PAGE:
In practice, the motor is actuated by an external command signal, from such as a timer or push button, at intervals and for periods of time which experience shows is sufficient to clean the bags and sustain efficient operation. The duration of motor-shaking will vary with the application; a typical installation might use 1-2 minutes of shaking every 4 hours.
When the command signal to the motor is ceased, the motor could disadvantageously stop in a position such that a cam pin has the arm 42 and bags in partially raised position. Thus, a control system is employed to stop the cam at a position where such will not be the case. FIG. 4 shows an electrical switch 68 having an actuator arm 70 which is engageable by a sub-cam 56. The welded sub-cam assembly is shown in more detail in FIG. 5. It is comprised of a plate 58, semi-circular piece 60 and a mounting collar 62. The collar has a set-screw to enable the sub-cam to be rotatably adjusted around the output shaft 41 of the gear motor, relative to the cam 40. When the sub-cam actuates the switch, the motor keeps running, notwithstanding the command signal may have ceased. When the shaft 41 and attached sub-cam rotate to the point of the switch arm 70 is no longer actuated, the motor stops. The wiring diagram in FIG. 10 shows how this is accomplished. For simplicity and to account for coasting of the motor after power is ceased, the sub-cam is a nominal semi-circle rather than being segmented to correspond with each cam roller.
The cam actuating mechanism desirably imparts to the bags different forces and motions during the shaking cycle, embodying the bi-modal shaking of the bag. In the first mode, there is a relatively long lifting stroke applied to the bag, to fold it along its length, and to loosen caked material. In the second mode, there is a shorter stroke, more sharply applied (and preferably repeated twice), which is somewhat simulative of a hammering or rapping motion. This loosens material not loosened by the folding motion.
Table 1 shows in more detail the effects of the rotation of the motor shaft for a preferred embodiment. Column A shows incremental angles of rotation of the cam, starting from an arbitrary starting point where the shaker bar just contacts the bottom of the bags, and ending with 360 degrees of rotation. Column B shows the associated angle of rotation of the arm 42. The vertical component of the shaker bar motion, i.e., the lift S of the bag bottoms, is shown in Column C. There is one long stroke of 3.8 inch and two short strokes of about 1.3 inch during each cycle of rotation of the motor. For a typical 27 inch long bag, the 3.8 inch long stroke is about 14% of the bag length while the shorter stroke is just under 5% of the bag length. The long stroke substantially causes the side walls of the bag to fold, compared to the short stroke. Within the meaning of this description, substantial folding of a bag comprises lifting it more than 10% of its free length and insubstantial folding occurs when the lift is less than 5%.
Column D shows the approximate revolutions per second of the motor at each step in the cycle with a motor as described below. The times will vary according to the characteristic of the motor driving the cam 40. Preferably, a Model 27800B Right-Angle AC/DC Gearmotor (Dayton Electric Mfg. Co., Chicago, Ill.). The Model 27800B unit has a 1/10 hp, 66 rpm (no load), 100 inch-lb motor, universal AC/DC motor, a type which substantially slows down under load, e.g., to about 20 rpm under full load for the Model 27800B. Thus, when applied to the dust collector described here, the speed of the motor varies according to the part of the cycle, the weight of the bags, the particular dimesion of the shaker bar 21, friction at bearings, etc.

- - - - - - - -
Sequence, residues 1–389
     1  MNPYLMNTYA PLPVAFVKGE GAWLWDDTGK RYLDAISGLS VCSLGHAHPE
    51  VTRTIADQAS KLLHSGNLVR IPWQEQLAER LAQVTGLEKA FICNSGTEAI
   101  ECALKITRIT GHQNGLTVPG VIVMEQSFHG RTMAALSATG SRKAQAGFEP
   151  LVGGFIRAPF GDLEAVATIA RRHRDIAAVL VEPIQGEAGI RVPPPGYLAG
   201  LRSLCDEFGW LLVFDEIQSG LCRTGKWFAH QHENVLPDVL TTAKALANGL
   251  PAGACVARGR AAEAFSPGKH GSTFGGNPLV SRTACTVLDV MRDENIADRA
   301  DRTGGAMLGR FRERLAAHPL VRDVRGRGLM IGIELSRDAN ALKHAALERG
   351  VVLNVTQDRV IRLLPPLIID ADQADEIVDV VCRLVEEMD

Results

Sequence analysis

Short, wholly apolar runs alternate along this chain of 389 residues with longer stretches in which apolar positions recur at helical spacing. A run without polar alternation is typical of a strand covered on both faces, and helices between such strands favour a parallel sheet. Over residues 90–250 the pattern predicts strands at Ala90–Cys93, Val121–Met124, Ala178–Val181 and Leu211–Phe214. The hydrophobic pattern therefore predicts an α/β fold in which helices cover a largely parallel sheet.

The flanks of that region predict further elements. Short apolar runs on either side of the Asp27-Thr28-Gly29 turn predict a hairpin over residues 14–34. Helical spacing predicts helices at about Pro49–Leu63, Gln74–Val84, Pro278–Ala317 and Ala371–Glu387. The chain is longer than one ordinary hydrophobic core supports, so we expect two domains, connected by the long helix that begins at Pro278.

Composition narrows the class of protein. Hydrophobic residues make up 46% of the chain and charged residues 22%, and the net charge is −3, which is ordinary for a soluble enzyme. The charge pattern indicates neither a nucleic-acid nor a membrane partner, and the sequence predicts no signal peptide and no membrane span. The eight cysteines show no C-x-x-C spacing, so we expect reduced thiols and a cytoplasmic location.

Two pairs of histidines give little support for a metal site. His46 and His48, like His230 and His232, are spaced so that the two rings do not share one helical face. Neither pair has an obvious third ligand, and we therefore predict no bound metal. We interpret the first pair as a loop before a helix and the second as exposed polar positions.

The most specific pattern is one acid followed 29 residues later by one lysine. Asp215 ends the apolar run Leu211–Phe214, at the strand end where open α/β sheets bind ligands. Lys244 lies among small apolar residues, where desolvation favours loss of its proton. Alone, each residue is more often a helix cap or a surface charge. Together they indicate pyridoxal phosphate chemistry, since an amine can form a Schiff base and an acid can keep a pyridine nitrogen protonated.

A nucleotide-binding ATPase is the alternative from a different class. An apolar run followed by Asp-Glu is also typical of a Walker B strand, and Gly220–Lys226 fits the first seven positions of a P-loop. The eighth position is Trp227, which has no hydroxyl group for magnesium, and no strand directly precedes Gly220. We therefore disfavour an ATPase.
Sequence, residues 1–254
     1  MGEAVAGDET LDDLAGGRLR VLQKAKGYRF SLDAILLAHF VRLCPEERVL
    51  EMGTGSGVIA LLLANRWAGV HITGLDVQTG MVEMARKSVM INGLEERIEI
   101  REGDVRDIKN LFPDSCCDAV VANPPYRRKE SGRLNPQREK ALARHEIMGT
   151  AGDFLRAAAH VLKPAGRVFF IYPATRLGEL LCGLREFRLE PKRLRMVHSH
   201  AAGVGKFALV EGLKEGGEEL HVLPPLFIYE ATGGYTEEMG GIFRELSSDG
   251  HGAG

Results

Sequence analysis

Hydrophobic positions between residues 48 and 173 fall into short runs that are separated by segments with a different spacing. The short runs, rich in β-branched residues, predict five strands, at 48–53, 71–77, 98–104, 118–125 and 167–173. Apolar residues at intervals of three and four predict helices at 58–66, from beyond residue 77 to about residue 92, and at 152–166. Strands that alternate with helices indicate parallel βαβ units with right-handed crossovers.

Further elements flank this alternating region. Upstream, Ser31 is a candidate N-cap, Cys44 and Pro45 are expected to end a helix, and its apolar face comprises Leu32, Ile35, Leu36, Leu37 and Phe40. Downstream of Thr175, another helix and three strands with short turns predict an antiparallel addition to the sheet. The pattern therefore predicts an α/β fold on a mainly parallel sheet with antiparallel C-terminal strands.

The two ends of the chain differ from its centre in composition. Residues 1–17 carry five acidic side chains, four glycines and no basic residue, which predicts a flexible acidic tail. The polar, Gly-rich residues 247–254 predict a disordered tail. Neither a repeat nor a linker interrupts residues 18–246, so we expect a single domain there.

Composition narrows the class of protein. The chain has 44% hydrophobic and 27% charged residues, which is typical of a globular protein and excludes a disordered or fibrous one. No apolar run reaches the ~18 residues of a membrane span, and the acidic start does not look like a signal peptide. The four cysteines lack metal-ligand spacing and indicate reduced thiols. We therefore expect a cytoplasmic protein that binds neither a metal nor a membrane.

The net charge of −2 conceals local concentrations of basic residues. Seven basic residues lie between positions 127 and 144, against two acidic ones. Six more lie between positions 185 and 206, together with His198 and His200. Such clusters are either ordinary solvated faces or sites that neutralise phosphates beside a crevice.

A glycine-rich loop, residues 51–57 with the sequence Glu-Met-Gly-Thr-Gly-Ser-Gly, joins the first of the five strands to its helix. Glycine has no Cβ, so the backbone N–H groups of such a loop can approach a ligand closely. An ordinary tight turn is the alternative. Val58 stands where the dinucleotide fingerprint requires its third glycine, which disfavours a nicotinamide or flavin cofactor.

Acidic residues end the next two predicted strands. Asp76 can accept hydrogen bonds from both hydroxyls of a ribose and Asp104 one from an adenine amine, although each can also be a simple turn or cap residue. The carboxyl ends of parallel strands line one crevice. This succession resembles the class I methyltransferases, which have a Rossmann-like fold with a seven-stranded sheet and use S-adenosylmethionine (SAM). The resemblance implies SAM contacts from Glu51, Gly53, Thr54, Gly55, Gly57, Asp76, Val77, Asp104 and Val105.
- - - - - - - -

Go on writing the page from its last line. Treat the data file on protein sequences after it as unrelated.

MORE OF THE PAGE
TABLE 1__________________________________________________________________________COMPONENT MOTIONS USING VARYING SPEED MOTORROTATION-DEGREES BAG LIFT MOTOR SHAFT TIME OF BAG ARM AVERAGE AVG. BAGCAM 40 ARM 42 "S"-INCH REV/S. LIFTING-S VELOCITY-O/S VEL.-INCH/S__________________________________________________________________________68 38 3.8 0.33 0.57 67 6.739 0 0 1.1 0.10 0 056 12 1.3 1.0 0.15 0.59 8.749 0 0 1.1 0.12 0.0 056 12 1.3 1.0 0.15 .50 8.792 0 0 1.1 0.23 1.0 0A B C D E F G__________________________________________________________________________
The speeds of rotation for each part of the shaking cycle, given in Column D, are accordingly approximate.
Column E shows the calculated duration of each portion of the cycle, the cumulative time being nominally 1.33 seconds. Column F shows the rotary rate of shaker arm 42 (and thus striker bar 44) motion; Column G shows the rate at which the bag is lifted. It is seen that the 6.7 inch/s velocity of the long 3.8 inch lift is less than the 8.7 inch/s velocity of the short 1.3 inch lift. Of course, the velocity of dropping for the longer stroke will be greater than the velocity for the shorter stroke, owing to the greater distance and acceleration time under force of gravity.
FIG. 6 graphically presents, in the lower portion--the angular motion of the arm/shaker bar, and in the upper portion--the corresponding vertical motion of bag. Because of the complexly varying speed of the motor as a function of load, dashed lines are used and their slopes are indicative of average velocity. As is evident the average velocity (8.7 inch/s) during the short stroke is about 30 percent greater than the velocity (6.7 inch/s) during the long stroke. Thus, the short stroke imparts greater velocity and thus greater momentum to the bag than does the long stroke.